we're just not going to rest off now [TS]

  that's it alright fair enough and David [TS]

  you know you you were you are in full [TS]

  podcasting shape now I think apparently [TS]

  I you know I colors are more vivid [TS]

  Harry's cleaner mean it's amazing [TS]

  maybe and for the next book club maybe [TS]

  you'll finish the book haha yes well [TS]

  look what you want to find the end and [TS]

  Glenn oh haha hey i read almost all of [TS]

  the hugo books did you read almost all [TS]

  of them like you read four of them or [TS]

  did you read like yes 705 i just read [TS]

  like eighty percent of each one [TS]

  yeah good way to go sure no I just kind [TS]

  of looked at 2312 and when now [TS]

  yeah that the title suggests that you [TS]

  should only read twenty-three percent of [TS]

  it or perhaps twelve percent of our yeah [TS]

  well yeah i still like 2012 sorry Scott [TS]

  you you actually you actually like that [TS]

  voted for the you go and then you said [TS]

  congratulations John Scalzi don't [TS]

  redshirts it shocking that John school [TS]

  sees red shirt that's fine Pete feed her [TS]

  not feed but the third book in the news [TS]

  flash trilogy finished last so you know [TS]

  haha them all there to restore a little [TS]

  of my face yeah the voters [TS]

  yeah my fellow voters should clearly our [TS]

  part yes clearly are issues with a [TS]

  nomination process and not with the [TS]

  final voting process so yeah it's true [TS]

  yeah alright well we learned what would [TS]

  happen if Galactus was made of jello no [TS]

  I think we did and we and we learned we [TS]

  learned lots of things about the history [TS]

  that didn't happen and the Nazis were [TS]

  made of jobs and and more importantly we [TS]

  have I think 200 itunes reviews now [TS]

  which is great if you haven't if you [TS]

  haven't reviewed the incomparable on [TS]

  itunes please do it that helps us a lot [TS]

  and for those who did participate in our [TS]

  in our challenge [TS]

  thank you most especially to Dave cork [TS]

  Roger who indeed got to house read books [TS]

  and look he sold he sold a book to David [TS]

  he sold three books to me and he sold [TS]

  two books to scott who had already [TS]

  bought one of them but hadn't read it [TS]

  yet so he sold 12 past Scott to retro [TS]

  actively to pass Scott exactly the new [TS]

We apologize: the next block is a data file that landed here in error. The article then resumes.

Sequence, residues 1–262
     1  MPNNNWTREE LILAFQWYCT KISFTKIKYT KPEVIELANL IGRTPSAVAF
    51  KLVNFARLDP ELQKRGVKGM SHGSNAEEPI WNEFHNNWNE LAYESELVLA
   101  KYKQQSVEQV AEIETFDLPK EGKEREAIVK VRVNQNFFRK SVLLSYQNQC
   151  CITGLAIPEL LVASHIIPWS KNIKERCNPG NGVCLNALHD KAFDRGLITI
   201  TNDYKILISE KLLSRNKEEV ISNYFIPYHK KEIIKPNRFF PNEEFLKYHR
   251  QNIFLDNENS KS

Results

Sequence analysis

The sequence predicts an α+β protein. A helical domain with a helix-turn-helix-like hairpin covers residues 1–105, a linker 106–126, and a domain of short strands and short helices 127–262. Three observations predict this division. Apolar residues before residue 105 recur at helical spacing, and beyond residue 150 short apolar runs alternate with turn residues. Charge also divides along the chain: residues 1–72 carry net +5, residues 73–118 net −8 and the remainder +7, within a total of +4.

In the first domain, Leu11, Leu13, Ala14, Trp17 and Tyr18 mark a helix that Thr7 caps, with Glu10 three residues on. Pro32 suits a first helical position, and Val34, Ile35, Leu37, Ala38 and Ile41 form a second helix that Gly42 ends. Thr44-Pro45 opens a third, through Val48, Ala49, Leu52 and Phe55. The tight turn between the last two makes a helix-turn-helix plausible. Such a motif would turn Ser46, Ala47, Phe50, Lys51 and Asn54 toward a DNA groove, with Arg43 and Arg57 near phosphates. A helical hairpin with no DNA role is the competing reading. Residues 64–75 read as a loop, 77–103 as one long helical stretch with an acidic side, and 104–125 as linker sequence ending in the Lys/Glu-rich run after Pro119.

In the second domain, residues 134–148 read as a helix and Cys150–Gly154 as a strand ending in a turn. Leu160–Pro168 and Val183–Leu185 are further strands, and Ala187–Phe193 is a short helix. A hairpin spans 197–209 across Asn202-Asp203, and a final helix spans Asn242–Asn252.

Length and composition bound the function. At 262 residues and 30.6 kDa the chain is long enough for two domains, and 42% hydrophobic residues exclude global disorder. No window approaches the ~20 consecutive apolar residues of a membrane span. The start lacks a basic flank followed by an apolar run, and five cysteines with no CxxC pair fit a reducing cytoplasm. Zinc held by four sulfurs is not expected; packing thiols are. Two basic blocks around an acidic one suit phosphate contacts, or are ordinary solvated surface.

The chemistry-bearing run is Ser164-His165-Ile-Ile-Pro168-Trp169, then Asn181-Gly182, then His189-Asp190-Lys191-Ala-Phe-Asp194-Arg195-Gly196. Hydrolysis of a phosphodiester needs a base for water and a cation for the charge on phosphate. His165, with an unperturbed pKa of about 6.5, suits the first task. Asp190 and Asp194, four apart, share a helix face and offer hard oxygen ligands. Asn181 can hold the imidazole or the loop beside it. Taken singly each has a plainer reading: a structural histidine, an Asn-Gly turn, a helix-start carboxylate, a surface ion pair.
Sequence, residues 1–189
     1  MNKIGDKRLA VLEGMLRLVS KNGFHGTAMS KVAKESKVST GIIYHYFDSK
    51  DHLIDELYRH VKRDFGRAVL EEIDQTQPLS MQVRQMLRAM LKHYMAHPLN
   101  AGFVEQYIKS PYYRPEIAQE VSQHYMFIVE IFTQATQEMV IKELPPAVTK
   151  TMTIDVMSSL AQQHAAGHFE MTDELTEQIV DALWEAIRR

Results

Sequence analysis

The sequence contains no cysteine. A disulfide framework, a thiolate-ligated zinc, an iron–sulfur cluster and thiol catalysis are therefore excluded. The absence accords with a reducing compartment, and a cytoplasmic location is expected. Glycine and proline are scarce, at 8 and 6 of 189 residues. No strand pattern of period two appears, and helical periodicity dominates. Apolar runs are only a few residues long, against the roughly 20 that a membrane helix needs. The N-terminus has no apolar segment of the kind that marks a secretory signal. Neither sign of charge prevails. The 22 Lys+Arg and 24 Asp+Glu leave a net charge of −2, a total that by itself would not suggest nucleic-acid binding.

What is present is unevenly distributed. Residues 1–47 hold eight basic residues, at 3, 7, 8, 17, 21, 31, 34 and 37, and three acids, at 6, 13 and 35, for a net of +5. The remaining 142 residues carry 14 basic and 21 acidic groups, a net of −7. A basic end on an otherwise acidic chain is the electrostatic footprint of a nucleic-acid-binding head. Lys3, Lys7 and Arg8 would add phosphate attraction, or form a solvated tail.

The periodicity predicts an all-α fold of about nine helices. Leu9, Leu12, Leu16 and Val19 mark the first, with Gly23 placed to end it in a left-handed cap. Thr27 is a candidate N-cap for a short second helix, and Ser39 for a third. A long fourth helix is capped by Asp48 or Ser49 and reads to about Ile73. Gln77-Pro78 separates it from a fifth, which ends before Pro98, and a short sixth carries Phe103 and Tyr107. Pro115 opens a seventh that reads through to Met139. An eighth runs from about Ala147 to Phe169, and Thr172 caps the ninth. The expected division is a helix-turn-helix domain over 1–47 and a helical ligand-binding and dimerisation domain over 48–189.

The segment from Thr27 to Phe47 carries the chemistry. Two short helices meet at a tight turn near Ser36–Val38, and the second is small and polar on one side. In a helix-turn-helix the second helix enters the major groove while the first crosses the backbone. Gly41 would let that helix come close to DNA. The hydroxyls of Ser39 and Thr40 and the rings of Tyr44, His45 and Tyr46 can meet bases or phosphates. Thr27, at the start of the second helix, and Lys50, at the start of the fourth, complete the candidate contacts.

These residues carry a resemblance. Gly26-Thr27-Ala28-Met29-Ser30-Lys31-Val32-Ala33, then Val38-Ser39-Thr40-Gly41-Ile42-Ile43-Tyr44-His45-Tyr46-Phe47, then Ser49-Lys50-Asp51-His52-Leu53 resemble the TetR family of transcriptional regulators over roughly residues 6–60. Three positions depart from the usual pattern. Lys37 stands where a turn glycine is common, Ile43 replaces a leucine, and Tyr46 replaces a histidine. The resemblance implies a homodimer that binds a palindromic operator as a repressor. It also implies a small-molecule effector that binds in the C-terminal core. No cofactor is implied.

Australian could write and read and he [TS]

  sold the book it's a damn moron who then [TS]

  didn't really read much of it and didn't [TS]

  come on the podcast so it was a [TS]

  disappointment that more [TS]

  yeah and and there are two more books [TS]

  that i have to buy yeah exactly now [TS]

  they're interesting i recommended by i [TS]

  would say anybody who who like some [TS]

  military stuff war stuff and sci-fi [TS]

  would really would really like it and if [TS]

  you're interested if you're intrigued by [TS]

  what we talked about the culture clash [TS]

  stuff i guess i'd say just kind of motor [TS]

  through the first twenty-five percent of [TS]

  the book and then [TS]

  hello you're a big j edgar hoover fan [TS]

  you mean you may not want to read these [TS]

  books because these books fully endorse [TS]

  that the the j edgar hoover uh [TS]

  alt history of him being closeted and [TS]

  liking to dress in women's clothes and [TS]

  all those things that are not i believe [TS]

  not entirely substantiated in the [TS]

  historical record i looked it up i was [TS]

  like where those was that proven to be [TS]

  true and very little of of Hoover's [TS]

  history is is is proven to be that it's [TS]

  it's much more just speculation but this [TS]

  book runs with it which is actually kind [TS]

  of funny and fun in a way it is but I [TS]

  capris I sheesh this guy really doesn't [TS]

  like over over all of the axes to grind [TS]

  against Jagger Hoover oi [TS]

  yeah yeah you hate j edgar hoover this [TS]

  is a buy these books immediately [TS]

  absolutely Hoover fans steer clear [TS]

  Hoover valuable service that we've been [TS]

  yes I'd here on overcast [TS]

  that's right our friends at the j edgar [TS]

  hoover podcast are going to be really [TS]

  upset with this series let me tell you [TS]

  all right well that wraps up another [TS]

  exciting book club edition of the [TS]

  incomparable so i'm going to say goodbye [TS]

  to my fine well-read guests David lower [TS]

  thanks for being here thank you for [TS]

  having me and Scott melty welcome back [TS]

  thank you for being back with us and [TS]

  reading the books as always thank you [TS]

  for having I was concerned that i had [TS]

  been cast from the uncomfortable galaxy [TS]

  no no another universe would never [TS]

  happen you were not available person who [TS]

  remembered it [TS]

  plus you are attention master that's [TS]

  true how could we not have our dungeon [TS]

  master with us that would be at that is [TS]

  an alternate past 20 riffic to [TS]

  contemplate a degree yes [TS]

  okay well until next time or until [TS]

  somebody goes back in time and create a [TS]

  parallel universe and we have to start [TS]

  again from episode one [TS]

  please don't do that kind i'm your host [TS]

  Jason cell [TS]

  thank you for listening don't go back in [TS]

  time don't mess up the time stream and [TS]

  we'll see you next time [TS]